Perhaps one of the reasons I am attracted to birds is that this bird is often used in Christian imagery: the dove as a symbol of the Holy Spirit. I like that. A lot. And when I read this lovely quote on my morning stroll at Mater Dolorosa Retreat Center last month, I thought about this window in the chancel of our sanctuary.

When we built our worship center eleven years ago, our window designer had a tough time coming up with what he wanted (and what we wanted) for this small space. What he gave us, we love. It includes the colors of the liturgical year around the border, and a striking, almost art nouveau representation of the Spirit. Because the window faces east, we get the morning sun streaming through it when we are together in worship, and a beautiful rainbow of color is created at different times of the year, showing up in various spots throughout the sanctuary. I love it best when it lands directly on parishioners in about the third row of the center section. To me it is a stunning picture of the indwelling presence of the Spirit in the lives of believers and in the body communal. 

The question I want to always ask myself, and others who come to me for direction and listening, is this one: am I yielding to the sovereign direction of the Spirit of God as I live my life, day by day? This gentle Comforter of ours never leaves us, but the Dove is also patient to wait for us to invite that sovereign direction, never forcing us, only reminding us — if we pay attention to that still, small voice — that there is Power available to us whenever we submit ourselves to it.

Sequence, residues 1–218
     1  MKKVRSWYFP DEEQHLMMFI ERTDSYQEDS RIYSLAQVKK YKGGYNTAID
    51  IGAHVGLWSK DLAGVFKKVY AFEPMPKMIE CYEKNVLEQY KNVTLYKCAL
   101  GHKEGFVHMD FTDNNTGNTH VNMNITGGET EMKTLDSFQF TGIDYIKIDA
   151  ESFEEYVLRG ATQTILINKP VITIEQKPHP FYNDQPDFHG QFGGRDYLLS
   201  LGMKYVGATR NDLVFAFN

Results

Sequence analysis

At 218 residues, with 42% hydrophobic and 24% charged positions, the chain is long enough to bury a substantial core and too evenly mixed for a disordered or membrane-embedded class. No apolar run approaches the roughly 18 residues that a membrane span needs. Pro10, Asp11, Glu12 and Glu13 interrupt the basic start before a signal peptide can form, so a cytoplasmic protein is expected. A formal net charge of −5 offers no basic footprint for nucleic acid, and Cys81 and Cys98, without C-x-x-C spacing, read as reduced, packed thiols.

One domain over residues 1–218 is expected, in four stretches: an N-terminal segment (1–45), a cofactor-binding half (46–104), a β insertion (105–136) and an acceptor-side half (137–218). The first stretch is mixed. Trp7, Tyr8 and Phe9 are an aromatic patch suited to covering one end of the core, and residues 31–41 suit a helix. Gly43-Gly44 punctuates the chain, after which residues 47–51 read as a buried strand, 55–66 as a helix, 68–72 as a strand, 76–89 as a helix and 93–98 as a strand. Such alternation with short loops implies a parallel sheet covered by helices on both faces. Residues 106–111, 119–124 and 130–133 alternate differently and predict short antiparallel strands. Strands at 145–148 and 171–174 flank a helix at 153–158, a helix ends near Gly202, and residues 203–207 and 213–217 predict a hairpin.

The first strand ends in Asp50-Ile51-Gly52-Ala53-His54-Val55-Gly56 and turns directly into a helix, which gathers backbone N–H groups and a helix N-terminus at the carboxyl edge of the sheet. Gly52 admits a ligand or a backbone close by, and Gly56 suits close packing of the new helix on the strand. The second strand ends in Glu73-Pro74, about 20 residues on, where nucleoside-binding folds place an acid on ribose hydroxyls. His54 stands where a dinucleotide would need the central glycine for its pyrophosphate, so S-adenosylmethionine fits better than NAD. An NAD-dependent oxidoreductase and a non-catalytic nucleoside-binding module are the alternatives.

31 Days of Paying Attention — Day Twenty-Six


Our beaches are littered with bits of seaweed. All the time. There is a rich kelp forest in our waters, something that invites all kinds of marine life and keeps the oceans healthy. But seaweed is not a lot of fun to swim with and it tends to leave our beaches looking a bit sloppier than many! I’ve come to appreciate the beauty of kelp, however, and find myself looking more closely as I move my way down the waterline.


A couple of weeks ago, I saw this one and was dumbstruck with awe. Can you see how huge this is? All tolled, it was probably about twenty feet long. There was even a small root ball with this giant. Remarkable! Do you know that an ingredient found only in kelp is part of almost every container of ice cream in the freezer section of your local supermarket? Yup. And it shows up lots of other places, too. 


And here’s another thing I love about a particular kind of seaweed. Do you see that coil up there with all the teardrop shaped bulbs on it? Well those bulbs make the most delicious sounding POP when you step on them just right. SO satisfying when one is walking.